31st of May, 2015 marks a rather special day in Indian footballing history; a clash between current I-League champions Bengaluru FC and Indian football giants, Mohun Bagan at the Kanteerava Stadium in Bangalore. This match is more than just 90 minutes of football; it shoulders a greater significance.
As the league table stands, Kolkata based club Mohun Bagan have gathered 38 points while Bengaluru FC have amassed 36 with both teams set to play each other in the final league game of the season. Everything the two clubs have fought for over the past 6 months comes down to this final day of the season, where a win for the home side would crown them Champions of India for the second season running. Irrespective of which way the game goes, it’s a new frontier of football here in India that could do the world of good for the sport in this country.
India has never been a powerhouse in the beautiful game, but the game is such that the passion and tradition of a select few have been written into football folklore. The penetration of this sport has often failed in proportion to its success in the global arena. So when this sport that the world loves is mentioned in a domestic tone on the sub-continent, rarely are clubs besides the giants from the Eastern city of Kolkata and occasionally from the South lying state of Goa brought into conversation.
Attempts have been made to extend football’s reach to a wider Indian audience, geographically, with little success. And while the attempted development of the sport has taken various different faces and projects, Bengaluru FC have become a club that raised the bar to a whole new level.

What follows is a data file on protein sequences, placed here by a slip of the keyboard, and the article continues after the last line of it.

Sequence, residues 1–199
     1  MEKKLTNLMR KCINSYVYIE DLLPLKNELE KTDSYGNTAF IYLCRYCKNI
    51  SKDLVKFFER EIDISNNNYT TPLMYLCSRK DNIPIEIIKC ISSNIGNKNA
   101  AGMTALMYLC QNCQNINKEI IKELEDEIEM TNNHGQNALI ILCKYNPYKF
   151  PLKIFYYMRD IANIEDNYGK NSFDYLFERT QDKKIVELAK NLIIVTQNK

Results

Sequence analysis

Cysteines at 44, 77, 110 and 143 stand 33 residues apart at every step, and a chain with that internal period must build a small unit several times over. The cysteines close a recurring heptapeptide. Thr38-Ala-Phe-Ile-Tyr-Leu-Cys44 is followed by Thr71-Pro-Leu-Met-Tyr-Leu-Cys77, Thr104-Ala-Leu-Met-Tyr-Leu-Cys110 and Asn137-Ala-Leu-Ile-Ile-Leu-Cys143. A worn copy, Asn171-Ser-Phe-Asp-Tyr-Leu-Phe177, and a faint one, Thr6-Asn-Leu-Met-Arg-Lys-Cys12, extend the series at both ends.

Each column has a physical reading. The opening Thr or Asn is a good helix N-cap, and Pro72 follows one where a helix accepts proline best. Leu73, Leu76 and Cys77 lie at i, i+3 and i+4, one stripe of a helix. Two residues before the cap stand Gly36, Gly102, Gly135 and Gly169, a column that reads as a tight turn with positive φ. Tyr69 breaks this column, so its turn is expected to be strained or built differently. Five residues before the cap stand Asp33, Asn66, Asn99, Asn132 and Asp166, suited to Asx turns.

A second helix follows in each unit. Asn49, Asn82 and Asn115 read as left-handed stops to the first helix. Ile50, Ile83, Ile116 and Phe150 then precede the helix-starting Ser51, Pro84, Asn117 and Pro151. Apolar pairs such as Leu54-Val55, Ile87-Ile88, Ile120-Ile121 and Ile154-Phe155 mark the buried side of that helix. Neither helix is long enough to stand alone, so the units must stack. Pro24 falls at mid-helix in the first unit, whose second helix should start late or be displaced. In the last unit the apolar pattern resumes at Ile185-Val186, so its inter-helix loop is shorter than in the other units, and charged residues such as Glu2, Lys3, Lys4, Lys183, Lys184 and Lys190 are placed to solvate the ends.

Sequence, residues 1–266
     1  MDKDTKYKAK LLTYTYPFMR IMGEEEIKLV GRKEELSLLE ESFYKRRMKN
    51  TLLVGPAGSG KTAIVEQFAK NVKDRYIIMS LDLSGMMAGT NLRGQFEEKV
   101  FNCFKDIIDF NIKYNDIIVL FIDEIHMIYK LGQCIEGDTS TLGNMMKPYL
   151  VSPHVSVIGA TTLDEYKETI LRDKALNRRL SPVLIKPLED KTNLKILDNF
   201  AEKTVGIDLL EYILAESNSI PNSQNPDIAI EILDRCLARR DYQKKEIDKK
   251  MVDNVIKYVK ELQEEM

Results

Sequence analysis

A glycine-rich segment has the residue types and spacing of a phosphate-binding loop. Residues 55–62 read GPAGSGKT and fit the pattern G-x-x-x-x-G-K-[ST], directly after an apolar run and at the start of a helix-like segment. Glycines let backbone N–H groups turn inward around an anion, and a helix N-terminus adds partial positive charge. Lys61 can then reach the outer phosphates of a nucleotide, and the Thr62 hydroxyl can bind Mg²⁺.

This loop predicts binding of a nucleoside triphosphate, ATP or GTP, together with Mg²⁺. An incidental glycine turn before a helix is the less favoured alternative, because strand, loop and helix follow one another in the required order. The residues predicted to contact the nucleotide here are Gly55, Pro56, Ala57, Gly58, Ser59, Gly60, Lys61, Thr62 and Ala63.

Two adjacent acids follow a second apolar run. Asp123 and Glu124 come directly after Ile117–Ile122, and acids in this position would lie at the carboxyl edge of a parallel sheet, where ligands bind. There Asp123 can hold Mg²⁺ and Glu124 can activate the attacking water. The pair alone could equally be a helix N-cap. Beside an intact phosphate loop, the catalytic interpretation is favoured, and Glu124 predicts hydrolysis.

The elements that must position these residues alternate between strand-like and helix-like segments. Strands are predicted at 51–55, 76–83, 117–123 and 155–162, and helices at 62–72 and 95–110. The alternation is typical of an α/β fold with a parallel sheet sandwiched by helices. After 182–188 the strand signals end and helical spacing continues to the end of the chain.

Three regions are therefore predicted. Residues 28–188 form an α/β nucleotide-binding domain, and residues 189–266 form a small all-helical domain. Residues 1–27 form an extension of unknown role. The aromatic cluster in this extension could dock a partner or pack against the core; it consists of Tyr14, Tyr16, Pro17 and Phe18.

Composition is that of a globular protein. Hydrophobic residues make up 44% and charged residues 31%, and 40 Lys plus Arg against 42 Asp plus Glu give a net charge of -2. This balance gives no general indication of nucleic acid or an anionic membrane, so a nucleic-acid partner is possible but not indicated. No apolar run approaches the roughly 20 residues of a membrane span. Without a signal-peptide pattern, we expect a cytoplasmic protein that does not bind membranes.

The club, owned by the JSW Group and formed in 2013, recruited some lesser known individuals, attracted Sunil Chhetri, the country’s most famous footballing individual, and created the closest impression an Indian club could do of one in European lands. This article a year and a half back touched upon this topic but the times were different back then. Bengaluru FC was new, exciting, and a ray of hope. Now it’s a benchmark.
Having done what many would call ‘the impossible’ in the modern game, the club won the domestic I-League title in its very first season of existence, a feat achieved elsewhere only by Western Sydney Wanderers (though the first ever A-League and MLS champions may be given the same credit, winning the title in their first season of existence, they did it when all opponents were also in their first season of existence).
Many shrugged off Bengaluru FC’s successful debut as a fluke, possibly beginner’s luck and a case of underachievement from opponents as opposed to over-achievement of the newbies. Though debatable, none of those factors are really applicable to a side that wins the league title. At any level, in any country, the league table doesn’t lie. Chance and luck may be occasional occurrences, but not a consistent factor throughout the course of a season. And over-achieving more than your under-achieving opponents is the point of a competitive league structure.
Even if one were to shrug off the success of the Blues as a case of those factors provided by the opposition, it becomes irrefutable when the success continues consistently. Having won the league title in their first season of existence, Bengaluru FC now sit in second place, two points behind the leaders in their second season with just the solitary game to go. The club have the opportunity of securing two league titles in two years of existence, a record not held by anyone anywhere across the world in the modern era. The advantage isn’t with the defending champions but their destiny is well and truly in their own hands. Win the next game, and Bengaluru FC would have achieved the impossible. In essence, the game boils down to a straight final.